I’m still bad at fighting games, and have only just gotten to the point where I can see matches beyond “this guy hit the other guy a lot more, so he’s winning.” I can’t count frames, and don’t know my Option Selects from my resets. And getting to that point takes a little bit of work, for sure. But even for someone who hasn’t been around long, once you begin paying more attention to what players are doing than what’s happening, you can find lots to see, and the games in general become more fun to watch. This is why it’s difficult to watch fighting games at first, and why it’s difficult to demo them at events. If you don’t have even a basic understand of the systems in place, matches can just look like nonsensical button-mashing. Fireball wars are harder to watch because there doesn’t seem to be as much going on, but there’s way more going on and it can be just as exciting as any other kind of play. You just have invest in knowing what you’re watching a little more. Whether viewers are interested in making that initial investment is up to them.
And yes, it’s easy to read an article from someone who may not see the games we watch the way we do, roll our eyes, and leave a scathing comment. But we should remember that even some diehard viewers and players share a core issue with the author, and that it’s better to educate than malign.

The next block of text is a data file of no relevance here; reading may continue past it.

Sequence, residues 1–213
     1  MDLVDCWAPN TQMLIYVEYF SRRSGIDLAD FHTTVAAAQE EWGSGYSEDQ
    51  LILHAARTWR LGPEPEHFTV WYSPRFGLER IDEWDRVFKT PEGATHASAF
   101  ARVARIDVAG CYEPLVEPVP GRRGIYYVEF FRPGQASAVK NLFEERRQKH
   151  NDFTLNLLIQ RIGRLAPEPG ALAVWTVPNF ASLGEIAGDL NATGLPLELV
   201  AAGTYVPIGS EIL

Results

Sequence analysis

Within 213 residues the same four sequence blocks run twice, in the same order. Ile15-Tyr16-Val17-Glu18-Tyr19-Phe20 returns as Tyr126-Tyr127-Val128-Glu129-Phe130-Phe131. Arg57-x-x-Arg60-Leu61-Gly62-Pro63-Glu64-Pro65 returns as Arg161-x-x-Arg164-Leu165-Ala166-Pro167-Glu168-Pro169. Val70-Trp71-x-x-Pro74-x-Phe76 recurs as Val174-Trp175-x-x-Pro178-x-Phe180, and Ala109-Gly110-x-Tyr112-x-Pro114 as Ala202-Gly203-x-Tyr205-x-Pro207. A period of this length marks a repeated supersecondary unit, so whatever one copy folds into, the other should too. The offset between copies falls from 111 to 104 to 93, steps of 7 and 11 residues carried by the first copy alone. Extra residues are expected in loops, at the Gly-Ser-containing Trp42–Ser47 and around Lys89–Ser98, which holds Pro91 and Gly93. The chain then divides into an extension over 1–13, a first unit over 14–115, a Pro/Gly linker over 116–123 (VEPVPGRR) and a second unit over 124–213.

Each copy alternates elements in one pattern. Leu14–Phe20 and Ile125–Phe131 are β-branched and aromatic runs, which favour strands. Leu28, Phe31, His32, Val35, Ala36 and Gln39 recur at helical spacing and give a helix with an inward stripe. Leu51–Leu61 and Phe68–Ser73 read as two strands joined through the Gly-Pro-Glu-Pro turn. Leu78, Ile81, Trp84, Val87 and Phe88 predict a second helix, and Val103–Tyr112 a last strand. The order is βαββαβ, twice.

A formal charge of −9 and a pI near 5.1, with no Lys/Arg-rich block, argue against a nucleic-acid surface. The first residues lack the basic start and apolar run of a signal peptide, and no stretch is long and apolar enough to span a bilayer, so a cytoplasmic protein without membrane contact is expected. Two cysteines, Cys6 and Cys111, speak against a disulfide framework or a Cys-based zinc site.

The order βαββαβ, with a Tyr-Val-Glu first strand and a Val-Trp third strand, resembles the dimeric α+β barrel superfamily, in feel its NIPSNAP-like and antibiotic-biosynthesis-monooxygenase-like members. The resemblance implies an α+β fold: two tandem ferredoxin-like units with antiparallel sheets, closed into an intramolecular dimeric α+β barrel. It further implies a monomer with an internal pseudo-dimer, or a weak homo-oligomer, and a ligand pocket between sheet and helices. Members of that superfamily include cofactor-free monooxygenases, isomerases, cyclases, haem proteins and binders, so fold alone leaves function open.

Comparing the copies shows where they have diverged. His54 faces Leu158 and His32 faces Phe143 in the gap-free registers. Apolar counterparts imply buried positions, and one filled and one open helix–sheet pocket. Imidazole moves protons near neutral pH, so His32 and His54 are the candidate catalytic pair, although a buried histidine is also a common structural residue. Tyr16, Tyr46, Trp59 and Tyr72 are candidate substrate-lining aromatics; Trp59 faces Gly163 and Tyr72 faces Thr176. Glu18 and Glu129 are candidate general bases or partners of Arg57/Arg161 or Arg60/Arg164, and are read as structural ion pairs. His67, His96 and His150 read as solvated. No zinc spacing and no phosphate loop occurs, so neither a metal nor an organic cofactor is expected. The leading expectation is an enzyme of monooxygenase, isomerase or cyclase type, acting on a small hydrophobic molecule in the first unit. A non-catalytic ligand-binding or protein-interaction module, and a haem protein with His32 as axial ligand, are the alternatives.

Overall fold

1 These are educated guesses based on two years of spectating and casual training. I’m probably wrong — feel free to blow me up about it.↩
2 Fighting games are among the most watchable genres in gaming (it’s much easier to grasp why being hit in Street Fighter is bad, versus knowing why a counterpick or clutch deward in Dota 2 may have just turned the tables in a match) and EVO did a better job this year of explaining a lot of the terminology used as well as the actions on-screen. But unlike sports, which are so ingrained in modern culture that it isn’t too difficult to sit down and watch them, you’re going to need a lot more viewing time with a video game to understand what’s going on.↩
3 This is, by the way, the reason I find Akuma more difficult to watch than other characters: not because he’s too passive, but because he can be too aggressive and not get punished for it. Watching the Akuma vortex is the most frustrating part about the character, not his fireball keepaway.↩